The question”Why be a Christian now if all people will be purged of their sins at the judgment?” implies that what being a Christian is about is getting into heaven. Is it not far more than that? Are we not about things like friendship and intimacy with God, the experience of shalom in community and the preaching of the gospel across the earth not out of fear of hell but out of love for God and others and our desire to include them in the Kingdom Now.
    It seems that the realityy of gospel for us NOW iincludes a burning away of what is false in us, what is egotistical and selfish and greedy so that Christ is formed in us. Perhaps that transformational “burning” is better to experience now (as painful as it can be) than later (hence the warnings).

  • smcknight


    I don’t know your point follows. The point is not that the only point of the Christian life is getting to heaven, but that if it doesn’t matter how we live now if we get a second chance, what is the incentive to live a different life now. That’s slightly different, so I think.

    Furthermore, the Christian claim about “heaven” (I’d say new heavens and new earth) is that it is eternal, which means life in the here and now is but a speck of time in comparison. If that be true, then considering the eternal is paramount.

    But I must admit this too; the question comes from Baker’s students in the chp.

  • Amanda

    The idea that the imagery of the parables can be dismissed just because their “parables” (scary quotes intended) is a shallow reading of the parables. Some of them were metaphorical, yes, and others related to real things. See the metaphor of the plank and speck vs. the metaphor of the widow seeking for a coin. There is not literally a plank or a speck in eyes when a person sins, but a women could conceivably search for a coin. Therefore, it can be concluded that the parables detailing judgment and hell could be referring to an actual place rather than some vague sense of judgment or retribution. Whether that place has fire or that fire is symbolic is immaterial (like Danny said in answer 13).

  • Amanda


    I wish we could edit posts.

  • E.G.

    Lots of interesting comments on this thread. And on the previous posts on this topic. I’m learning tons. Thanks.

    I think, however, that it’s fair to summarize that, whatever the actual mode of Hell happens to be, none of us want to be there, nor should we desire any other human to be there.

  • DRT

    I agree with kevin s. in #22 for most compelling

    The fact that both the Lazarus and goat/sheep parables refer to eternal hell and heaven present a very strong case for the existence of both. Further, there is no mention whatsoever of any eternal reward for those who reject God during their lifetimes. For me, that is the most compelling case.

    Why be a Christian now? I am starting to fully believe that the most fulfilling life is a life participating in the KoG. The best happiness can be found there in any circumstance.

  • The fact that the majority of Christians at the majority of times seems to believe in eternal conscious torment is the best argument in my mind. I don’t think the Bible goes there as conclusively or consistently as is often supposed.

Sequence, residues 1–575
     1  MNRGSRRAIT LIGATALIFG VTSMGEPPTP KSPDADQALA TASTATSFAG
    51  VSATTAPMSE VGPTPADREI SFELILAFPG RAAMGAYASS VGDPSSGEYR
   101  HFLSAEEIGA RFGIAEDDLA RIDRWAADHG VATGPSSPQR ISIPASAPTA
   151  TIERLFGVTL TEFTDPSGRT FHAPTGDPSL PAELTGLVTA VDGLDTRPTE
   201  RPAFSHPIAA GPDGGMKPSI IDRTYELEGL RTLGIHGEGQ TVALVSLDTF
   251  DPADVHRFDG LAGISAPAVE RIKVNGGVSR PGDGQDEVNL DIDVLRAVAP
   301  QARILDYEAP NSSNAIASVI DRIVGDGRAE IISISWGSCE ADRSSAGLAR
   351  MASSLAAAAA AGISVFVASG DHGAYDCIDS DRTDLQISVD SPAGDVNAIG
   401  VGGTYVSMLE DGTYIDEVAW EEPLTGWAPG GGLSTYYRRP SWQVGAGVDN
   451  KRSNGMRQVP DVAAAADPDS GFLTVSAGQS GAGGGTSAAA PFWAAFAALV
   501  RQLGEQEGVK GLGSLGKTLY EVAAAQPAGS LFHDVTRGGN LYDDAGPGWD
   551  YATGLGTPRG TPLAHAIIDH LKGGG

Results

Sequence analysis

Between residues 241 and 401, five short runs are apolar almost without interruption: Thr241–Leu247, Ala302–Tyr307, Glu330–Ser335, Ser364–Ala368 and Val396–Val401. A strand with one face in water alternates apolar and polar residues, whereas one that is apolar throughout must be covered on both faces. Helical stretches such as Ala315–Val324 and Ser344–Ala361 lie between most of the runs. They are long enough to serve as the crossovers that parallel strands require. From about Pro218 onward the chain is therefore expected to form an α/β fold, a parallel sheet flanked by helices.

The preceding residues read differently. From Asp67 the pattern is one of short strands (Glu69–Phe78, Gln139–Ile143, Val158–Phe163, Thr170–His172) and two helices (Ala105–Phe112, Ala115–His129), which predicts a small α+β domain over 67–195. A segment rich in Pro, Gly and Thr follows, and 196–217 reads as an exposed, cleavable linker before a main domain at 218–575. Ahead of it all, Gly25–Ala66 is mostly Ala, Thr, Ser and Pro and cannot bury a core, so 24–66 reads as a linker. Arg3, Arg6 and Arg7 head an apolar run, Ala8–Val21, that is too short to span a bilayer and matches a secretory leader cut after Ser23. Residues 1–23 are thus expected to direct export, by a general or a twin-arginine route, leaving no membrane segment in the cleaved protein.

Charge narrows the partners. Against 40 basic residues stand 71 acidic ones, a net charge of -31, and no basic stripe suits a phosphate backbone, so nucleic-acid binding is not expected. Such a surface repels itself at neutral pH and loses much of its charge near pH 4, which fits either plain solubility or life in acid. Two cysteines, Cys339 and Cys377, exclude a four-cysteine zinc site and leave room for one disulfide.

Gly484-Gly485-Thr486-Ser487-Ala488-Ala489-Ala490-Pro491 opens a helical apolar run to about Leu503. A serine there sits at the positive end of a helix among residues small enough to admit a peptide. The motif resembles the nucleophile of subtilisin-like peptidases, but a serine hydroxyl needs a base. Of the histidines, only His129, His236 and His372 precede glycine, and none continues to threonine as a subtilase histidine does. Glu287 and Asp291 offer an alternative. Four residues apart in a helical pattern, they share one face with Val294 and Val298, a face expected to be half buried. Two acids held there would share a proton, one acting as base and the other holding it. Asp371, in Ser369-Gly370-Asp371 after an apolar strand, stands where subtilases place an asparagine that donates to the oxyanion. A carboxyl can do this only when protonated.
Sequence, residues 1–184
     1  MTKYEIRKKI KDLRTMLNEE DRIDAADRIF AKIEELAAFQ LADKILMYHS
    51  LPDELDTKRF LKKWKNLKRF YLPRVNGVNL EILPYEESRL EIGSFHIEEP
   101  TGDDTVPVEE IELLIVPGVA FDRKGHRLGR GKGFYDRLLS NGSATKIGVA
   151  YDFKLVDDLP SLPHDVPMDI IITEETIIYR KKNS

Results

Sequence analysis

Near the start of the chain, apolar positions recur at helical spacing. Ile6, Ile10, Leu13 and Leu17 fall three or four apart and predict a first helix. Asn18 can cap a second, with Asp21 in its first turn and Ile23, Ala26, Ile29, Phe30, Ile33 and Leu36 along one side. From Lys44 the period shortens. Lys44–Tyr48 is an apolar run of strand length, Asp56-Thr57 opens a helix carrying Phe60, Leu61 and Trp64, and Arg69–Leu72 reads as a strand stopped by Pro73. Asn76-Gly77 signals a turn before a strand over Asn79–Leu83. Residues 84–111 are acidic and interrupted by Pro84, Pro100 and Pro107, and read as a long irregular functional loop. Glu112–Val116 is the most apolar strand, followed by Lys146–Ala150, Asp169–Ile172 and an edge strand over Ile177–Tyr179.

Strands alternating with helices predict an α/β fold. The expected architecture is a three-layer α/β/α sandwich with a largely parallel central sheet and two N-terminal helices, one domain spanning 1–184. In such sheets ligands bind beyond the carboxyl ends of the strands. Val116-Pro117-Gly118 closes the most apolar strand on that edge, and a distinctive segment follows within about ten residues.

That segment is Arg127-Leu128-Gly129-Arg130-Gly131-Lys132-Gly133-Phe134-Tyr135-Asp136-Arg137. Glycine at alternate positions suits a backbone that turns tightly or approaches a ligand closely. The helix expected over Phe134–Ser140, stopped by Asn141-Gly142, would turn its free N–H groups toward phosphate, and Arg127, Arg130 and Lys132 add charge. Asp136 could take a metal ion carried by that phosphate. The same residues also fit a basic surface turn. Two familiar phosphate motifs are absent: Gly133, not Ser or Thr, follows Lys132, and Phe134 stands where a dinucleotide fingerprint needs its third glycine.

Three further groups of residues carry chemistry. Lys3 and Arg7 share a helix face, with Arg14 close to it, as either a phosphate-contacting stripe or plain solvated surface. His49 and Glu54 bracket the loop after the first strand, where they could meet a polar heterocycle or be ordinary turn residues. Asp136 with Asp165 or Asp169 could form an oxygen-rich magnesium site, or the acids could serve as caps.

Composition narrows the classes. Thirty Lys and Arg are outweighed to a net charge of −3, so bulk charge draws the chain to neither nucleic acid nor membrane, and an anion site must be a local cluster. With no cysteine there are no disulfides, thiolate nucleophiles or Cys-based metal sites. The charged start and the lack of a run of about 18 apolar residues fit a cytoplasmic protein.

• Sherman Nobles

    hi, I’m trying to post but am having difficulty.

  • Sherman Nobles

    Ok, looks like the problem is fixed. I’ll retype my original reply that didn’t make it.

  • Sherman Nobles

    Hello everyone, a friend who regularly views this blog encouraged me to check it out. I’ve just come to believe in the last year or so that Jesus truly is the savior of all humanity, especially (not only) we who believe (1 Tim.4:10). Scriptures like Jn.12:32, Rom.5:18, Phil.2:10-11, Col.1:20 and others inspired me to believe such. But it was my study on what scripture says, or more accurately “doesn’t say” concerning Hell that freed me to believe in Universal Reconciliation.

    Have you noticed that the word Hell is progressively disappearing from English translations. The 1610 Catholic version had the word in it 110 times, KJV only 64 times, NKJV 32 times, many only have it 12-14 times, and the newest Catholic version doesn’t have the word Hell in it at all. Why? Because not one word in the Hebrew or Greek text of scripture accurately translates as Hell.

    Sheol and Hades mean grave or “realm of the dead”. Tartaroo is only used once and though it means a torturous realm of the dead, it is not used of humans and Peter implies that it is not even endless for the sinning angels consigned there. And of course, Gehenna was Jerusalem’s trash dump where there was a continuous fire (though it went out long ago) and there was never a shortage of maggots to eat the dead flesh (“The worm dies not” – have you ever seen a dead maggot? No, they transform into flies.)

    “Why be a Christian if all are ultimately saved?” is about like asking “Why should a fish want to swim in water?” We were created for relationship with God, without that relationship we’re like fish flopping around on the ground, gasping for life!

    “If all are saved, why share the Gospel?” is about like asking “If your brother doesn’t know he’s your brother, why introduce him to your father who loves him?” My brothers and sisters are estranged from me and our father, not knowing our love for them. Why share with them our love? Because we love them and have been given this ministry of reconciliation! The Father inspires us with His love for all people, and this love compells us to share the good news of His love and grace for us all.